Posted by Christine Wonnacott, Solicitor
A step too far?
Whilst it is widely accepted that the current Inheritance Tax rules are overly complex and need to be simplified, do the proposals being considered by Labour go too far?
Under the current regime, the threshold above which Inheritance Tax is paid, depending on the exact circumstances, is £475,000 (or £950,000 for married couples or civil partners). Any value above this is taxed at 40%.
The proposals being considered by Labour would replace Inheritance Tax with a Lifetime Gifts Tax under which everything a recipient receives above £125,000 would be taxed annually at income tax rates. This would mean that a family with two children would only be able to pass on £250,000 to their children tax-free during their lifetime or on death.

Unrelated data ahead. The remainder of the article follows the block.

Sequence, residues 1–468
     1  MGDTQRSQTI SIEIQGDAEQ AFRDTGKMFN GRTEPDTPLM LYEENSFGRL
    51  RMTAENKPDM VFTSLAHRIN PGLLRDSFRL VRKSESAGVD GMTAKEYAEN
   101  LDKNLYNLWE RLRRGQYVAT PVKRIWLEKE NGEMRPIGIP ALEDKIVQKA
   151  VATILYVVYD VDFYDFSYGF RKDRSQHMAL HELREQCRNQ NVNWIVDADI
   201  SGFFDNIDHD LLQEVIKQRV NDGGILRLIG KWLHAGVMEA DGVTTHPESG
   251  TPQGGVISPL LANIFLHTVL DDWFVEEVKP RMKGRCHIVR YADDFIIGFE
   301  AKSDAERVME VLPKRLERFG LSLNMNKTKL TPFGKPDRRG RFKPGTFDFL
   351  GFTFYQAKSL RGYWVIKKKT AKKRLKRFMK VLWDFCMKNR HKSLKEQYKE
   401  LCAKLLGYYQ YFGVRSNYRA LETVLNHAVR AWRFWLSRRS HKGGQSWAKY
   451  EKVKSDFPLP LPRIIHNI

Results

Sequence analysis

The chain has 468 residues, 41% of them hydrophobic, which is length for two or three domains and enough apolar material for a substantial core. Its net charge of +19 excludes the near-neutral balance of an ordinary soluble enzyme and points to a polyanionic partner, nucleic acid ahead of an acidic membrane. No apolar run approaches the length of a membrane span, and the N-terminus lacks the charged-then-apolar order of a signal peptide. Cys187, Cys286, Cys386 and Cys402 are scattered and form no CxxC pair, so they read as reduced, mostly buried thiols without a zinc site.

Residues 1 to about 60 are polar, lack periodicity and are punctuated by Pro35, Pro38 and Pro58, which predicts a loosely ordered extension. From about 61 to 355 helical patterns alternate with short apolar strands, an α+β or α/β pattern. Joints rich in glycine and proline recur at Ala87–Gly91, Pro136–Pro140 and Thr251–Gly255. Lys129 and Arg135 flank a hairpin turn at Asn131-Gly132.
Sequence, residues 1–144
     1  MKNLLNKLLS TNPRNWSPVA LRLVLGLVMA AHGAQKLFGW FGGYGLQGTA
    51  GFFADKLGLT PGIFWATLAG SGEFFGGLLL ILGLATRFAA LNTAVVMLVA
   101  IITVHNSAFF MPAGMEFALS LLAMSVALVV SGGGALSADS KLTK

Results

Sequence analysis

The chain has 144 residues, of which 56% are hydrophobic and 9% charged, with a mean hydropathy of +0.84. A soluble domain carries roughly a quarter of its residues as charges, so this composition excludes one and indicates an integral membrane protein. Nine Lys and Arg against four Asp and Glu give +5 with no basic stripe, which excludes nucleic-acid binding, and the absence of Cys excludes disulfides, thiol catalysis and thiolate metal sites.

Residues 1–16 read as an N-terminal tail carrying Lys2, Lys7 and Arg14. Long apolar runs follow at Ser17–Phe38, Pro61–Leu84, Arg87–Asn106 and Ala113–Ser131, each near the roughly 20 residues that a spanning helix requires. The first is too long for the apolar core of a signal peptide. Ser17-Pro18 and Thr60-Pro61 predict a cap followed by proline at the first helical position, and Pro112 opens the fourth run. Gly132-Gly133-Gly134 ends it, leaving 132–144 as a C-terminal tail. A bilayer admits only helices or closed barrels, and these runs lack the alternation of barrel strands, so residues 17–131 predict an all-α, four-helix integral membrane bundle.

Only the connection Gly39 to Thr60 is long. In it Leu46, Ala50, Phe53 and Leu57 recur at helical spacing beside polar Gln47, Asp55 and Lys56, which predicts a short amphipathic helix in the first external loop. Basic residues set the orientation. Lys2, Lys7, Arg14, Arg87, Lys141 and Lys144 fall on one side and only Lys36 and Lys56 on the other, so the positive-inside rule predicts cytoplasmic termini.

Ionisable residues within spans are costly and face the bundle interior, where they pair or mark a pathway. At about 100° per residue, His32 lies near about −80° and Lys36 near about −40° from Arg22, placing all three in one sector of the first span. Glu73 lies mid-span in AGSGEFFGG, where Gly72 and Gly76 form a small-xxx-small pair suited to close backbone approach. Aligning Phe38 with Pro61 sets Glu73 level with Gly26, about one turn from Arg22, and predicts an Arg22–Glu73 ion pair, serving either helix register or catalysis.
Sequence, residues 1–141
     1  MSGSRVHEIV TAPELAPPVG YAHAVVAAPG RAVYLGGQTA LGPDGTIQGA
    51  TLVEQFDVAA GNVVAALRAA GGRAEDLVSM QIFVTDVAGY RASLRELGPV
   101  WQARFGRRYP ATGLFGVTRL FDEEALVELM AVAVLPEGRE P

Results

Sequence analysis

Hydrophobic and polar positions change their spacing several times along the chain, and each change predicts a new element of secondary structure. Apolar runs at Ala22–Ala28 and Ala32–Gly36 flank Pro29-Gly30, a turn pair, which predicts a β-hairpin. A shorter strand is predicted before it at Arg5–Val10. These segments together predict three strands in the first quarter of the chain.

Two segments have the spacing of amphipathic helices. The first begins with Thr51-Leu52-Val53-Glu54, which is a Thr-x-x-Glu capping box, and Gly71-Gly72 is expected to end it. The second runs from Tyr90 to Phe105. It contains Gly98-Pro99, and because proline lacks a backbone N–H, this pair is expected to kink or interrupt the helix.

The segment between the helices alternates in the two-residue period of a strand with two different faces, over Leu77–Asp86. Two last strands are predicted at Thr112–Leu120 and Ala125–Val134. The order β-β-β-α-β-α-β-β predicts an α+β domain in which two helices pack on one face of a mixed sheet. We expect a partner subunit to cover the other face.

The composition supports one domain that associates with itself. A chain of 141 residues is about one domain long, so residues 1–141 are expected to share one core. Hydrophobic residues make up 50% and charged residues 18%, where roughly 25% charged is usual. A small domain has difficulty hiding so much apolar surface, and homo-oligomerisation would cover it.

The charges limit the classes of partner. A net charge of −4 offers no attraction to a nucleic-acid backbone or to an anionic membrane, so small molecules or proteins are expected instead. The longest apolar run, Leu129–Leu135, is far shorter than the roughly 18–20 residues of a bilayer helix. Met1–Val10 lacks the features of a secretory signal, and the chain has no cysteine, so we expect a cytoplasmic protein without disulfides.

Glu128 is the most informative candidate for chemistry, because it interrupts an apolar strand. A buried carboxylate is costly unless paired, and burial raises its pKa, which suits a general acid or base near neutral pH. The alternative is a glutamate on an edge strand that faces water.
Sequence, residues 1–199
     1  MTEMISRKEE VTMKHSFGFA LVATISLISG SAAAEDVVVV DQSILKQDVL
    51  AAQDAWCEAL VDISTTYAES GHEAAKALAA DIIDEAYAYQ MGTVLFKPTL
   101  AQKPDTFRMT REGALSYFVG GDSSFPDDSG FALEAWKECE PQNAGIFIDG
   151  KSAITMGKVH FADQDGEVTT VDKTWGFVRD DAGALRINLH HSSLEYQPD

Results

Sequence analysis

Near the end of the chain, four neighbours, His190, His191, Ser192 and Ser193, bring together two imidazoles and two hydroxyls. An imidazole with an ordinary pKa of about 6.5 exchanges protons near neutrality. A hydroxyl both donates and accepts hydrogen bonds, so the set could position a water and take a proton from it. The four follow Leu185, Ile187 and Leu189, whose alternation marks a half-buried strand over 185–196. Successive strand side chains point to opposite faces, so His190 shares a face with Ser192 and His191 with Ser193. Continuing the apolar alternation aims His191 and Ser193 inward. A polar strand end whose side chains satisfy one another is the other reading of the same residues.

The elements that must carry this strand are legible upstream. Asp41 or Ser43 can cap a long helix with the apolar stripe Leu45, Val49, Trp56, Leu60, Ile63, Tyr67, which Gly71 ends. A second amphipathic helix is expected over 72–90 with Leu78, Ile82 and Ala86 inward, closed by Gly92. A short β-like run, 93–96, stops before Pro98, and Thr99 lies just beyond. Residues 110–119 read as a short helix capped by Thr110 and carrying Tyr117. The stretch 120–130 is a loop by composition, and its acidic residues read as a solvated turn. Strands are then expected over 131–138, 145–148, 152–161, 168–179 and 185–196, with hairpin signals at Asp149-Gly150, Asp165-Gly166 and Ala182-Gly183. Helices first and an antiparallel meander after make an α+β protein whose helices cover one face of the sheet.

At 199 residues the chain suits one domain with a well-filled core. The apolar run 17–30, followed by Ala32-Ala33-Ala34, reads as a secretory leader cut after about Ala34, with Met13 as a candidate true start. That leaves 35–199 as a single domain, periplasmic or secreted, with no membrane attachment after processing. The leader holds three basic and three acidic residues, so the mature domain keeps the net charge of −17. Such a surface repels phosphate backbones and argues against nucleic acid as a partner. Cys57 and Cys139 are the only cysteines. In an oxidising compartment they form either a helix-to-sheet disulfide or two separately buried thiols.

Any such changes would significantly increase the number of people caught by the tax (in March, according to government figures, the average house price was £226,798) and it is estimated that taxing gifts through the income tax system could raise £9.2 million more than the current system.
An independent review of Inheritance Tax and its administrative process is currently being conducted by the Office of Tax Simplification. During the consultation period, it received a huge response from both individuals and professionals highlighting the general feeling of discontent surrounding the tax.
It therefore seems very likely that there will be changes to the current regime over the next few years, whichever political party is in power, and so anyone looking to make gifts (and who can afford to do so without compromising their own standard of living) may be best advised to do so sooner rather than later in order to protect family wealth.
If you need any advice on Inheritance Tax, please contact our specialist team on:
0800 923 2070 Email us